Even if it is a simple note of thanks from a patient or fellow nurse, no gesture is too small. “Those acts of recognition really do impact nurses, from a heartfelt thank you from a patient to a manager that does something special for their unit—even just ordering food during a hectic shift to keep their staff going and show they’re appreciated,” says Rachelle.

During her time as a frontline nurse, Rachelle received The DAISY Award® for providing excellent nursing care, and she still remembers the impact it made. She recalls, “Even when nurses are recognized in a quick and informal way, those short moments create a feeling of appreciation that stay with you forever.”

What Meaningful Recognition Represents

The American Association of Critical-Care Nurses (AACN) notes that a healthy work environment (HWE) enables nurses to provide the highest standards of compassionate patient care while being fulfilled at work. As one of the six HWE standards, meaningful recognition includes not only nurses being recognized, but also nurses recognizing others for the value each brings to the work of the organization. According to the AACN, critical elements for organizations to truly implement meaningful recognition include having a:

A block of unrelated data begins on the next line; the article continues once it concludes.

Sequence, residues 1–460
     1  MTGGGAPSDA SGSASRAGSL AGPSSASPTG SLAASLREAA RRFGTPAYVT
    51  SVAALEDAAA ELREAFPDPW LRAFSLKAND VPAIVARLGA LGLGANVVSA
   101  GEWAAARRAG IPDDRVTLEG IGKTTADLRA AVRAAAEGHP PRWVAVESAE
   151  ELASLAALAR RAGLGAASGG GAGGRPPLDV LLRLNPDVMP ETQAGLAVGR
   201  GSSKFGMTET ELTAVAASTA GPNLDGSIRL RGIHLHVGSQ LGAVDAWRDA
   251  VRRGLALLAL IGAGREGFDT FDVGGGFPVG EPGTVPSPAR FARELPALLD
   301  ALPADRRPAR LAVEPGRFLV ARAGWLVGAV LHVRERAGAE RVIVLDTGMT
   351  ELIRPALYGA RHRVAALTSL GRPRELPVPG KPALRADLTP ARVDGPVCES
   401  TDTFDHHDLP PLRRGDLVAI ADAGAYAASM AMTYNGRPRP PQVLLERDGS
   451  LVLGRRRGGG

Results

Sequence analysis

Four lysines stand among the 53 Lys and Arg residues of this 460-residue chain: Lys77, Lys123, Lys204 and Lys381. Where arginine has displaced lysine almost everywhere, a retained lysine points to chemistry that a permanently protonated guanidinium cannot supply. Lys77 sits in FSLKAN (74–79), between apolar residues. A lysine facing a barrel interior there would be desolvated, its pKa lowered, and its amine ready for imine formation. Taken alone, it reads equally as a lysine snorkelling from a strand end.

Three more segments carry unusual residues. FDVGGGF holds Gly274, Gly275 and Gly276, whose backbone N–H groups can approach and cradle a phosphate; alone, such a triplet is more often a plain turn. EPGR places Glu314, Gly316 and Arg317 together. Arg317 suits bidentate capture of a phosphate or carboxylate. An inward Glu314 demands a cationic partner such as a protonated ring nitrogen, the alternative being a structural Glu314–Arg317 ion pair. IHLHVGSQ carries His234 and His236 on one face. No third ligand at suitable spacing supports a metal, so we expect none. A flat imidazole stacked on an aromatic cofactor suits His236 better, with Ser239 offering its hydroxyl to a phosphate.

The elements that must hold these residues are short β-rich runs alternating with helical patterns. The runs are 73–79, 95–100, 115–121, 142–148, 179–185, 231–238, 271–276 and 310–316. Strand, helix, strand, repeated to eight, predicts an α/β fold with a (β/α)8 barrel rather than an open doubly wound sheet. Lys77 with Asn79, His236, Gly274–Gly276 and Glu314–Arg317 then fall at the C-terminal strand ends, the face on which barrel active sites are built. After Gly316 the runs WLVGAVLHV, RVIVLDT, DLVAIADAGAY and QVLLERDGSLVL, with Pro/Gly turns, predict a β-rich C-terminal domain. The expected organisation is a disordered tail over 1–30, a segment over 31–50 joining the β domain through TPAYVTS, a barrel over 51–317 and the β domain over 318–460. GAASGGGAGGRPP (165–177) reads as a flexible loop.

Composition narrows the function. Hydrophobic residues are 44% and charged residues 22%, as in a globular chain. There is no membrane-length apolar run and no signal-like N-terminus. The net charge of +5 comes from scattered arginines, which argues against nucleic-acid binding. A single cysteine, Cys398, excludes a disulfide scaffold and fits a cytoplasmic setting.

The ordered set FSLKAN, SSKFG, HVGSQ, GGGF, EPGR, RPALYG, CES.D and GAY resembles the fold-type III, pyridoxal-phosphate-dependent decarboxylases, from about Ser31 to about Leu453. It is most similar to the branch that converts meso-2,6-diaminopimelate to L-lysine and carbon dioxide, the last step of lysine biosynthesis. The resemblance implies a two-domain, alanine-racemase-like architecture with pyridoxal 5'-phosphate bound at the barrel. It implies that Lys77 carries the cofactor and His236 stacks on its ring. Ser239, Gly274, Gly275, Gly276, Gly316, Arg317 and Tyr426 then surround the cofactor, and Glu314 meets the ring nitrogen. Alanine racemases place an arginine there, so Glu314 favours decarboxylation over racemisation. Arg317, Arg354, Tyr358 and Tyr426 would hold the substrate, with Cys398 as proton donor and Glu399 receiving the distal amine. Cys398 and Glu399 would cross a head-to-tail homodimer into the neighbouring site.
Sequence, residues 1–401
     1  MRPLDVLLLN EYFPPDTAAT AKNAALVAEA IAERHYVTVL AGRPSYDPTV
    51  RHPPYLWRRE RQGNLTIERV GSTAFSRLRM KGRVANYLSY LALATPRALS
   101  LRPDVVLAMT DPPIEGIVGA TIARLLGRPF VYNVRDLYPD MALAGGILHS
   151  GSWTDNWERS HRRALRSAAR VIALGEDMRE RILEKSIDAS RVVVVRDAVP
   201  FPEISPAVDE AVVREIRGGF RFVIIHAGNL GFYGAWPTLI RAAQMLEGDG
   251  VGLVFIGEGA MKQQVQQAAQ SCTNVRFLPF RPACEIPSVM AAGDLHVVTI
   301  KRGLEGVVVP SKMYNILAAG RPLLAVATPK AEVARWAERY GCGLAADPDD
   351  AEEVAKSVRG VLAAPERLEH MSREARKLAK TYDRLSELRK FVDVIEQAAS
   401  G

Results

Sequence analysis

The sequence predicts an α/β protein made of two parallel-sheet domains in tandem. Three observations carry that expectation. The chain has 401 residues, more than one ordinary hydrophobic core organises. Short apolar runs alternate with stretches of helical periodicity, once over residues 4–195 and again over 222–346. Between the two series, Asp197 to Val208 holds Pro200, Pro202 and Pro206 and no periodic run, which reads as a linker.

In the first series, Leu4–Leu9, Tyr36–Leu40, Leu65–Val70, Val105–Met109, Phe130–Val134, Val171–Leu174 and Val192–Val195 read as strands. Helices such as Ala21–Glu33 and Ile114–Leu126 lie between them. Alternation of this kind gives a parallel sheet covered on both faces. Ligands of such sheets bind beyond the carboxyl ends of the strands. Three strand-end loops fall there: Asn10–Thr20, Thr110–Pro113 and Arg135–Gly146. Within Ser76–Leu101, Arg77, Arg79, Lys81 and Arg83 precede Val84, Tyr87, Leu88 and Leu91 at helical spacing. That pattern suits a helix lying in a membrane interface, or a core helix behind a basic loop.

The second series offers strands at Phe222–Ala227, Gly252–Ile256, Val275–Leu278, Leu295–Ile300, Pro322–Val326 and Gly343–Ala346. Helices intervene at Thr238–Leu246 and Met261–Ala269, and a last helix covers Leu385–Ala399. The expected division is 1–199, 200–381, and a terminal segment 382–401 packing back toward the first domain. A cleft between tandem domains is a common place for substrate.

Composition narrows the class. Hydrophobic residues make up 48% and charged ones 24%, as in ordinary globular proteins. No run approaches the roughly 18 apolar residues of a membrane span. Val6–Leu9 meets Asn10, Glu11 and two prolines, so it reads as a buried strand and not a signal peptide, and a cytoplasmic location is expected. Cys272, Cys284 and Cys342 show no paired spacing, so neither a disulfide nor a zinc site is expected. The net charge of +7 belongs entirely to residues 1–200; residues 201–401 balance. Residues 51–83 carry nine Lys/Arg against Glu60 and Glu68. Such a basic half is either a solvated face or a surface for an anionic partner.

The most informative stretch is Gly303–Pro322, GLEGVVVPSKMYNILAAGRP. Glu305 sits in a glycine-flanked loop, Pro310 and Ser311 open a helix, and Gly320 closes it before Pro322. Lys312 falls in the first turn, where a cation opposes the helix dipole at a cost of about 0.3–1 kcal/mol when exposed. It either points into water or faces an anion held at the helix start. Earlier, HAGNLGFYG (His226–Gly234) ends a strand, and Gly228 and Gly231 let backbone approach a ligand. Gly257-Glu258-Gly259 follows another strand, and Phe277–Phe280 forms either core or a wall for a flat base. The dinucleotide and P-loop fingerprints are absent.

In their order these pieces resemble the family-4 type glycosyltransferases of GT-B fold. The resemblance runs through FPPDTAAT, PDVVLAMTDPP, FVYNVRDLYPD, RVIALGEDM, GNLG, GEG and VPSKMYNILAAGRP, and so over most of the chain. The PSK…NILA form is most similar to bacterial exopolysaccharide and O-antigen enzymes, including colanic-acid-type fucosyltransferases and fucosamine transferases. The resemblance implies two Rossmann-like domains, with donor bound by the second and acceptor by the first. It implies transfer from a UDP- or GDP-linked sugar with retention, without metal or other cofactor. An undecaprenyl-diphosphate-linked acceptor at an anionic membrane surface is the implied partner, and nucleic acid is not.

• Comprehensive system in place with a formal process for a sustainable focus on recognizing all team members’ contribution and value to the organization.
  • Systemic process for all team members to learn about the recognition system and be aware of how to participate.
  • Recognition system that truly reaches from the “bedside to the boardroom” and allows individuals to be recognized with their personal definition of meaning, fulfillment, development, and advancement throughout the different stages of their career.
  • Method in which team members can be nominated for recognition in local, regional, and national venues.
  • Process or processes in place to validate that the recognition is meaningful to those being acknowledged.
  • Routine check to comprehensively evaluate the recognition system, ensuring its effectiveness to promote a sustainable culture of excellence.

Concurrently, it is equally important that individuals understand that everyone within the organization is responsible for playing an active role in the recognition program.